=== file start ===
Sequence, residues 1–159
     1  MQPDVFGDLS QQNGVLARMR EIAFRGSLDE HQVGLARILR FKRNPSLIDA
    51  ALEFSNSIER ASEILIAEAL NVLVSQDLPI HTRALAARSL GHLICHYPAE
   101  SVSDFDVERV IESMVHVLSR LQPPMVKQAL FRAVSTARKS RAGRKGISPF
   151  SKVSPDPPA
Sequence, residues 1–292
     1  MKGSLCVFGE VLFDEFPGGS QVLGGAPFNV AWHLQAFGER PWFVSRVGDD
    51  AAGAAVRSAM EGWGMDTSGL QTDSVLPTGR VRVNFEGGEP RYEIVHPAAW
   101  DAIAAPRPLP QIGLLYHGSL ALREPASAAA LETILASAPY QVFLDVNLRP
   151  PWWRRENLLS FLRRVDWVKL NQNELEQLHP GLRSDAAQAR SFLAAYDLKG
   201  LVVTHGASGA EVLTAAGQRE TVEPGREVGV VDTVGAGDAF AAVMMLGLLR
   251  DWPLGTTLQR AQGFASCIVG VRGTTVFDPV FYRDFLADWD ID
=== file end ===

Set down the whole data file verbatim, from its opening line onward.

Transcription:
Sequence, residues 1–159
     1  MQPDVFGDLS QQNGVLARMR EIAFRGSLDE HQVGLARILR FKRNPSLIDA
    51  ALEFSNSIER ASEILIAEAL NVLVSQDLPI HTRALAARSL GHLICHYPAE
   101  SVSDFDVERV IESMVHVLSR LQPPMVKQAL FRAVSTARKS RAGRKGISPF
   151  SKVSPDPPA
Sequence, residues 1–292
     1  MKGSLCVFGE VLFDEFPGGS QVLGGAPFNV AWHLQAFGER PWFVSRVGDD
    51  AAGAAVRSAM EGWGMDTSGL QTDSVLPTGR VRVNFEGGEP RYEIVHPAAW
   101  DAIAAPRPLP QIGLLYHGSL ALREPASAAA LETILASAPY QVFLDVNLRP
   151  PWWRRENLLS FLRRVDWVKL NQNELEQLHP GLRSDAAQAR SFLAAYDLKG
   201  LVVTHGASGA EVLTAAGQRE TVEPGREVGV VDTVGAGDAF AAVMMLGLLR
   251  DWPLGTTLQR AQGFASCIVG VRGTTVFDPV FYRDFLADWD ID